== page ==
Search
My Current Location Atlanta, GA 30308

Access Your Account

New to Healthgrades?

Join for free!

Or, sign in directly with Healthgrades:

Doctors and their Administrators:
Sign Up or Log In

7 Tips for Finding a New Doctor When You Move

By

Jennifer Braico

Was this helpful? (3)
ADVERTISEMENT
ADVERTISEMENT

How to Be a Good Patient: Advocate for Yourself

Follow these insider tips to take charge of your healthcare decisions.
ADVERTISEMENT
Couple viewing laptop

Every year about 36 million Americans move. If you’re among them, you’ve likely gone online to find the best local grocery stores, restaurants and dry cleaners—but what about a new doctor? Your move-in to-do list may already feel a mile long, but it’s worth taking time to research providers in your new area. That way, you can be prepared to get the best care for a health emergency, chronic condition, or even just a simple check-up. As you plan your move, try these tips to find a new team of doctors who will make you feel right at home.

1. Check into doctors before you move. Moving any distance can be overwhelming with everything you have to do and plan, but it’s worth researching doctors before you move. For instance, your current doctor might have a connection in your new city through medical school or a fellowship program. After you have a name or two, you can look up patient satisfaction scores on Healthgrades.com while figuring out if the doctor is close to your new home. 

2. Identify the type of doctors you really want. Now that you have a chance to start fresh, do you want a general practitioner who can see your entire family, or a pediatrician for your children and an ob/gyn for yourself? A PA, a DO or an MD? Be aware of the options and stay flexible. While you might start out looking for a pediatrician, a board-certified family doctor with fantastic reviews and an interest in childhood asthma might be just the right fit.

3. Look at hospitals in your new area, too. Many people make the mistake of only looking at information about doctors. Even if you’re young and healthy, it’s important to research the hospitals at which your doctor can treat you if you become ill. Picking a highly rated doctor who is only affiliated with a low-rated hospital might not be the best choice. Healthgrades rates hospitals and doctors, showing you the latest information about specific procedures, safety ratings and more.

4. Experience, education and certification matter. It’s valuable to see what past patients say about their doctors, but experience and education speak for themselves. Healthgrades Experience Match combines the provider’s specialty, education, board certification, background check and number of patients treated so you can find the doctor who’s the best match for your specific needs. If you’re undergoing a certain procedure, studies show you’re more likely to have a better outcome with a doctor who performs that procedure more often than other doctors.

5. Get a sense of the team care. If you have diabetes or another chronic illness, does the doctor’s office also have an available nutritionist to help with your care? Will a nurse quickly respond to your medical questions via phone? Find out the policies. Do they track patient outcomes for people with health histories like yours?

6. Consider availability and your insurance. If you’re changing jobs, you might also have a new health insurance carrier. Be sure to check on your new coverage, including co-pays, deductibles and specialist referral requirements. Before you contact the doctor you’re interested in for an appointment, check to make sure the provider is in your insurance network. Then check to see if your new doctor’s office is available via email or if they have overnight or after-hours phone care. Do they have easily accessible same-day visits? Is your specialist so popular you can’t get an appointment for four months?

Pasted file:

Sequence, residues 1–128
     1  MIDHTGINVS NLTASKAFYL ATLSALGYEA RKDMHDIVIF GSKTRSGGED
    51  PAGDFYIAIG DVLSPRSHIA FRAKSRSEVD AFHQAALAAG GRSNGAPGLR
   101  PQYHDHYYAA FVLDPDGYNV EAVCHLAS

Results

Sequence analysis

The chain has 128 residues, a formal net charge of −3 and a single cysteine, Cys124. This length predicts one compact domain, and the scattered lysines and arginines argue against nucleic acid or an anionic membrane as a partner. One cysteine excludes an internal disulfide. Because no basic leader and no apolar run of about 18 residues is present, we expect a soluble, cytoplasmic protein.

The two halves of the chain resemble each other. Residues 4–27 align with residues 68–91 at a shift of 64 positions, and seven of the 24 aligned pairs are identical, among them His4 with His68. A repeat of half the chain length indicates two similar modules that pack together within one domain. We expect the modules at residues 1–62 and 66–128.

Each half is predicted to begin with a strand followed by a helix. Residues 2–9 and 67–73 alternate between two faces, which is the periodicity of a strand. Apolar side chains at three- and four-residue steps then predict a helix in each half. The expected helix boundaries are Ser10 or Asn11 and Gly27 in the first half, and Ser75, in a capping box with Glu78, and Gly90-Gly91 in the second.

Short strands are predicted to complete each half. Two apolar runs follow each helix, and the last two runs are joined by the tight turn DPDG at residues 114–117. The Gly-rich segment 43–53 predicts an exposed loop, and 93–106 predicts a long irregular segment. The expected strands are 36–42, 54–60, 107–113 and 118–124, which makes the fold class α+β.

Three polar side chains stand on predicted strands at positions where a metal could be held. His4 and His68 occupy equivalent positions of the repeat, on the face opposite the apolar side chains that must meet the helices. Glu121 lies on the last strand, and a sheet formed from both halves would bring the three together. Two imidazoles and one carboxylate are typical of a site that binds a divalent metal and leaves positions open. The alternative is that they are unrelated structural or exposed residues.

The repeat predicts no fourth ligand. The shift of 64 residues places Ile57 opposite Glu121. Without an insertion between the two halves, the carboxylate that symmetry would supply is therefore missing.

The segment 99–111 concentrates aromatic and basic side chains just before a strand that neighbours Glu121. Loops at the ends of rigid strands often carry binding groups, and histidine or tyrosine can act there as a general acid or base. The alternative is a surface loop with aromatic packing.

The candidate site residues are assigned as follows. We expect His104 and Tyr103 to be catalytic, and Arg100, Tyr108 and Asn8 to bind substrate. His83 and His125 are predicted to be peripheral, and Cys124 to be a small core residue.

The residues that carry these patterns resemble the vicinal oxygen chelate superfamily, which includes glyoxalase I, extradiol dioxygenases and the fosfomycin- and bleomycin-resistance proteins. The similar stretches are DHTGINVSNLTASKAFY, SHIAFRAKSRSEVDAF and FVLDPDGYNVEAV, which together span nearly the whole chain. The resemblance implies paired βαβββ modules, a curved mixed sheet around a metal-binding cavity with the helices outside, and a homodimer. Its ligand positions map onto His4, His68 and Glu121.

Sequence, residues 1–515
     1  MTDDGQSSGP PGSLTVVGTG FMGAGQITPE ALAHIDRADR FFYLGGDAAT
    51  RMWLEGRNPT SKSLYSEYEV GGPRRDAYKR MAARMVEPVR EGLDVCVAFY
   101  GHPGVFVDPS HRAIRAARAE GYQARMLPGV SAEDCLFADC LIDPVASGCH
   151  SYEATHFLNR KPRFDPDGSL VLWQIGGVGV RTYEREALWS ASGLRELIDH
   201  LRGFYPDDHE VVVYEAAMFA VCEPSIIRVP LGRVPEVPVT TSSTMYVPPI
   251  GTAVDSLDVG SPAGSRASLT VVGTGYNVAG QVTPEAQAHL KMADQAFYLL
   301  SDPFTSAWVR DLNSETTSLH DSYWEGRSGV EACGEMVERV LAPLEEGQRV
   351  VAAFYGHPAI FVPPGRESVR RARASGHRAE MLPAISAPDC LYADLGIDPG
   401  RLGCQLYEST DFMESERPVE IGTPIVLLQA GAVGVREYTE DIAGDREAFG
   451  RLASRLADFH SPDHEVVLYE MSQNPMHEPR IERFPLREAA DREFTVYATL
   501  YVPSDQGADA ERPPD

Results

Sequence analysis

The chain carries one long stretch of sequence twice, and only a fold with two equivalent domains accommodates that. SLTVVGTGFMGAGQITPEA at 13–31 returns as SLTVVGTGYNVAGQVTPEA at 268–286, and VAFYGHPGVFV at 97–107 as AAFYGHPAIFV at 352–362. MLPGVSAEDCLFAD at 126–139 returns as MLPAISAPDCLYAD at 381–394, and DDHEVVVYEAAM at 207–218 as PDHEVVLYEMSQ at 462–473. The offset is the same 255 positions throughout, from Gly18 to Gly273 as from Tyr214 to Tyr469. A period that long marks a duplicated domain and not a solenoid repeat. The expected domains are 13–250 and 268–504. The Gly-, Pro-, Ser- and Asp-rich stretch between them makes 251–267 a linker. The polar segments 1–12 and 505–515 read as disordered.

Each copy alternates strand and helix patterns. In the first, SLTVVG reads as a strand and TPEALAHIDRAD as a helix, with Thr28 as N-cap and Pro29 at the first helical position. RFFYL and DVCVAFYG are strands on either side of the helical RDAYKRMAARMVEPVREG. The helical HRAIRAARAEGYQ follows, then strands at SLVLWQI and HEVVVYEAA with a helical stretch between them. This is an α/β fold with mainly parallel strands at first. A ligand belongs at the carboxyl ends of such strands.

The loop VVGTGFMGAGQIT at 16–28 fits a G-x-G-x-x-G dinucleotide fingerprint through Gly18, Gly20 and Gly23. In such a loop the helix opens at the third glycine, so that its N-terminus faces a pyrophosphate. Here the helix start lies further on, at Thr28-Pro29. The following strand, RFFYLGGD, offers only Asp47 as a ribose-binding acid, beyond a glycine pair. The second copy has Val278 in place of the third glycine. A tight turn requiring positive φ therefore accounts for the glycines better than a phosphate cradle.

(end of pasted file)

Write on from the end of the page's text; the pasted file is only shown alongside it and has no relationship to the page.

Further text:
7. Make an appointment. It’s smart to make an appointment as soon as you’ve narrowed down your choice so you can get to know the doctor personally before you commit. If you’re moving with kids during the summer, a school or sports physical is a convenient, usually brief start to introduce your family to the doctor and the office staff. Always remember to ask a lot of questions. Taking an active role in your health can help lead to better care—in whatever neighborhood you call home.

Was this helpful? (3)
Medical Reviewers: William C. Lloyd III, MD, FACS Last Review Date: Jun 3, 2017

© 2017 Healthgrades Operating Company, Inc. All rights reserved. May not be reproduced or reprinted without permission from Healthgrades Operating Company, Inc. Use of this information is governed by the Healthgrades User Agreement.

View Sources

Medical References

  1. Reason For Moving: 2012 to 2013. U.S. Census Bureau. https://www.census.gov/prod/2014pubs/p20-574.pdf
  2. Before Your Appointment. Agency for Healthcare Research and Quality. http://www.ahrq.gov/patients-consumers/patient-involvement/ask-your-doctor/questions-before-appointm...
  3. The Right Doctor. Healthgrades. http://www.healthgrades.com/find-a-doctor
  4. The Right Hospital. Healthgrades. http://www.healthgrades.com/find-a-hospital

You Might Also Like

The 7 Types of Doctors Everyone Needs

Along with a primary care doctor, schedule regular appointments with these specialists.

Quiz: What Kind of Patient Are You?

Take the quiz to find out your patient personality!

Share via Email

PREVIOUS ARTICLE:

Your Move-in Checklist for a Healthy New Home

NEXT ARTICLE:

8 Medical Tests That Aren't As Bad As You Think

Up Next

8 Medical Tests That Aren't As Bad As You Think